Google+ is a huge success. Even everyday people ask for it, use it and are interested to move on from Facebook. To me, it still feels like a beta as I believe Google didn’t expect it to catch on that fast. Therefore I will list, what I think Google+ definitely needs to do better.
Huddles for the Webapp
While the mobile apps support “huddles”, which are nothing else but group chats, these cannot be seen in the website. That this is not just a GTalk group chat makes only sense because people might not have used GTalk or the GMail webview before, so it could be made a single “chatting”-website, but ultimately it should be a usual GTalk group chat, so that other GTalk clients can benefit from that.
Additionally, Huddles for the mobile app are extremely handy for shorthand-group chats has you’ll get a push-notification for each message, but for each of such communications it should be possible to silence the push-notifications or just send one on the first new message instead of one for everytime someone writes a message.
Hangouts for the mobile apps
Hangouts are about the same as Huddles, you just can talk live and chat and watch Youtube while you’re in the room. Why shouldn’t you be able to talk with the other people while you’re using your mobile phone? Especially if you’re in a WiFi network? Or at least see the chat? If Google treats group-posts, messages, group-chats in GTalk, Hangouts, Huddles, mail and just everything differently, how should users know which one to use?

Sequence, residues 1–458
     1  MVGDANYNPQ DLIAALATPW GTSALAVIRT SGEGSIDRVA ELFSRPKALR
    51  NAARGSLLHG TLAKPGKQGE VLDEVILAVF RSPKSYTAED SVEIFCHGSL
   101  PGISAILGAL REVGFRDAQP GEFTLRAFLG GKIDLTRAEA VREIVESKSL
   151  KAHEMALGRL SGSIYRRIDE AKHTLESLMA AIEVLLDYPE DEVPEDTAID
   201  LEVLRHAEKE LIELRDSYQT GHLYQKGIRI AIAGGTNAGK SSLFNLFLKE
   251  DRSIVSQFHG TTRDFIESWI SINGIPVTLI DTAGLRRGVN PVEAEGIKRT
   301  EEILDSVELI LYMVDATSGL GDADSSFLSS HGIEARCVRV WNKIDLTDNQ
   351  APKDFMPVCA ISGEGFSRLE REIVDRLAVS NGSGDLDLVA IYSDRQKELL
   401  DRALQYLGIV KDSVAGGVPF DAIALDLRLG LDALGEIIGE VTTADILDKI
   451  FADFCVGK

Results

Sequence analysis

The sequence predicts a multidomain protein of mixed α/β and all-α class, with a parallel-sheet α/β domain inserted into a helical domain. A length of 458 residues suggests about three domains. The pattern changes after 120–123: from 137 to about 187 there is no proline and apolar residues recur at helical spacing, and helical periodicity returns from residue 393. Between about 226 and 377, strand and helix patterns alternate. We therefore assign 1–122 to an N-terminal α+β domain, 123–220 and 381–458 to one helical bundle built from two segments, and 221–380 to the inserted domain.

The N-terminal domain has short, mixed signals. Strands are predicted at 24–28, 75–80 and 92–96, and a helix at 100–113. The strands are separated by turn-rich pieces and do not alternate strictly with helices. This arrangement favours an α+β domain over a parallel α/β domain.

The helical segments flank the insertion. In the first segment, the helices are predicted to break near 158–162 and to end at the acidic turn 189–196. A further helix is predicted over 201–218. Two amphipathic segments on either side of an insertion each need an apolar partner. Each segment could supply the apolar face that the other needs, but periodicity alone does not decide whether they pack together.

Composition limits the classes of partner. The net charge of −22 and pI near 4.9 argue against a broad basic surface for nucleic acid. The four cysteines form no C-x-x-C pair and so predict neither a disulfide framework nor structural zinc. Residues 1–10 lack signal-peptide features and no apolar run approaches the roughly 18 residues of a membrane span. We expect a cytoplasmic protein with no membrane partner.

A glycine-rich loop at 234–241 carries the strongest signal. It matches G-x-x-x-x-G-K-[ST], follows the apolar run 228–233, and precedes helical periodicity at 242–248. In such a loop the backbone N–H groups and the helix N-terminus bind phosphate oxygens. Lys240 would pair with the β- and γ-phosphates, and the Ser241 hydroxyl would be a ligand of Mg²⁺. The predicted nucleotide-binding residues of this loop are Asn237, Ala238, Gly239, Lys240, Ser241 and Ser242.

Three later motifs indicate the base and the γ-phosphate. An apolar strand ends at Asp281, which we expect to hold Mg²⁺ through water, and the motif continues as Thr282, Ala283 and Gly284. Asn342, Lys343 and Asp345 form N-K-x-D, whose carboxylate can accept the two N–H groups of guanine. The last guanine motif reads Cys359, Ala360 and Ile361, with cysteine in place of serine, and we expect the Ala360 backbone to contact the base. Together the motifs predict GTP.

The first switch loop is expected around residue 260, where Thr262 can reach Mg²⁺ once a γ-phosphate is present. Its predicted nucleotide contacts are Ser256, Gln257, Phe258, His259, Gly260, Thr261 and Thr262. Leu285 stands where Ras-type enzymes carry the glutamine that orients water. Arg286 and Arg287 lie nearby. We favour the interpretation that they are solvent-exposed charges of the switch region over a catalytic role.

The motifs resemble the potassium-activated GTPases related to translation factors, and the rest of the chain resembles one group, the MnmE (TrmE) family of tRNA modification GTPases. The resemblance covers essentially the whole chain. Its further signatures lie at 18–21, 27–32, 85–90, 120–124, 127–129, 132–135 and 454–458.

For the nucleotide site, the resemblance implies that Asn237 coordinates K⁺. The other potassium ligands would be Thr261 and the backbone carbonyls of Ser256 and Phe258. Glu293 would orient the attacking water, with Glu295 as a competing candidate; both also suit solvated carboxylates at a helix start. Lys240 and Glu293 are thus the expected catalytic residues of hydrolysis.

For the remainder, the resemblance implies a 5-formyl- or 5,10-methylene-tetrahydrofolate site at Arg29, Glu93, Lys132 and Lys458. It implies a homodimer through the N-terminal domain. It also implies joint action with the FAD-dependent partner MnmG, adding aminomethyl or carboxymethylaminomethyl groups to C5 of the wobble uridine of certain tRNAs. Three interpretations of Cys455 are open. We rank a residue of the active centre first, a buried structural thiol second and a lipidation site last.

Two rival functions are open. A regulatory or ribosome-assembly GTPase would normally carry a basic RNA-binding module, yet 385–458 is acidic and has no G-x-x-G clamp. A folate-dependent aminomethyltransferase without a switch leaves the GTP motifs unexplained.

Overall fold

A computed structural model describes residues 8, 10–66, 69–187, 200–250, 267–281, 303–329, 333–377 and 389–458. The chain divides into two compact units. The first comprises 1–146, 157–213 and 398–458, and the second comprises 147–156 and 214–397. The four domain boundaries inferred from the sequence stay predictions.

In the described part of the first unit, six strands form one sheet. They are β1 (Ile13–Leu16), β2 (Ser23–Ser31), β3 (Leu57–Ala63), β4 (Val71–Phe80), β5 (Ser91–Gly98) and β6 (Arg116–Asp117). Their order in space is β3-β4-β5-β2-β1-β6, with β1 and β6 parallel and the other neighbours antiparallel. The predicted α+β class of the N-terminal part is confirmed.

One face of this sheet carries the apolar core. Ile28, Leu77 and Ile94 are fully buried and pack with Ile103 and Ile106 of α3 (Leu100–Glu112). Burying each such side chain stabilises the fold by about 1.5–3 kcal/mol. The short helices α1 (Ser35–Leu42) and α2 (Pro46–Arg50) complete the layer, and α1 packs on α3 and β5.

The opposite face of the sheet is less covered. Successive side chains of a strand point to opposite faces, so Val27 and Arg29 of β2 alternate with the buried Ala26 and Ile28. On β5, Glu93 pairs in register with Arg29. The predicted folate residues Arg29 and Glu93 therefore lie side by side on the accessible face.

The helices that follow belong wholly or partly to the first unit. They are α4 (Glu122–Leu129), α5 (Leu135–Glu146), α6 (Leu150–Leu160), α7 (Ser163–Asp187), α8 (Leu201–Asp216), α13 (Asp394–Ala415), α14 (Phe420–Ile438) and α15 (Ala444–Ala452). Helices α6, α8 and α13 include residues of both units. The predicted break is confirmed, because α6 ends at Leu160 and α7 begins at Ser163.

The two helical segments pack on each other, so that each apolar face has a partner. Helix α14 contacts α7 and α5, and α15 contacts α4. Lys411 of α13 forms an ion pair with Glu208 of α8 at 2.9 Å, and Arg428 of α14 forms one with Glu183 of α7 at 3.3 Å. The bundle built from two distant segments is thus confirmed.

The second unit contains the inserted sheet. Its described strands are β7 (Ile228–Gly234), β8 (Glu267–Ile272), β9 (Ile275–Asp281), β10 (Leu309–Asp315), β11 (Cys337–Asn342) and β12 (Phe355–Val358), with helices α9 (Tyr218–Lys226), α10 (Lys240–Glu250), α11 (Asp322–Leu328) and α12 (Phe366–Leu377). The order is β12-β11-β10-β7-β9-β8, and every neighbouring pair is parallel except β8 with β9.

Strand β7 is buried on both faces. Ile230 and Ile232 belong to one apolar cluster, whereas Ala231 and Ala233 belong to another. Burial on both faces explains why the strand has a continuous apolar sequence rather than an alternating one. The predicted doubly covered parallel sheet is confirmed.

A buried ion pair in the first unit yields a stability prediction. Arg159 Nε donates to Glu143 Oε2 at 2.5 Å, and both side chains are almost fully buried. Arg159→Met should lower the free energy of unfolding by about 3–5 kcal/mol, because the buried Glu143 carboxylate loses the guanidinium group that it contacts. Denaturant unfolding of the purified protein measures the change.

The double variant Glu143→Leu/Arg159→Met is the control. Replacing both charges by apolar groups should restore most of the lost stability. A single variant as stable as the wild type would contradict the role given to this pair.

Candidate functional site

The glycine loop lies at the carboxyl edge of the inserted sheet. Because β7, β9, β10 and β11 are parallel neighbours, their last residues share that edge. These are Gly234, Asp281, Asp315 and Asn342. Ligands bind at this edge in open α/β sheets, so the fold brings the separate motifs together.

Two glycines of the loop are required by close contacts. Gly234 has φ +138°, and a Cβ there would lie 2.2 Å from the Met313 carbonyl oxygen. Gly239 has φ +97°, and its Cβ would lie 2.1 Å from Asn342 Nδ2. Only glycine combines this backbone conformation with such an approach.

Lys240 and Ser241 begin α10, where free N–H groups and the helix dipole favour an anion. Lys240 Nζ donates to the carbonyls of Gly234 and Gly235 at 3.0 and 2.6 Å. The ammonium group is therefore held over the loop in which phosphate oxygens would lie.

Fix the mobile app’s bugs
The Android and iOS apps are buggy. Sometimes they crash without any reason, and oftentimes the notification count is not what I should be. This needs to be fixed.
Improve Circle’s posting
Cicles are a huge win, and everyone knows it. What I miss from here is operations you can do with there circles.
For example, it would be nice to define that “Friends” and “Coworkers” are automatically in “Contacts”, so you have lesser clicking if you know the implications of adding a coworker for example. Inheritance would be a nice feature, although not everyone might use it.
Being able to do set operations would be another huge advantage. My use case is to have cicles of people understanding English, and people understanding German. If I do a german post, I would like to make sure only people of the targeted circle (for example “contacts”) that are also in the circle “german” can read it, the intersection of those circles. In theory, this is a very simple operation, and I would love this. If you think adhead, having other set operations could be nice too. If you for example make a joke about how stupid programmers are, you might want to post if to all your contacts minus those that you’ve also added to “programmers”.
Make Spaks useful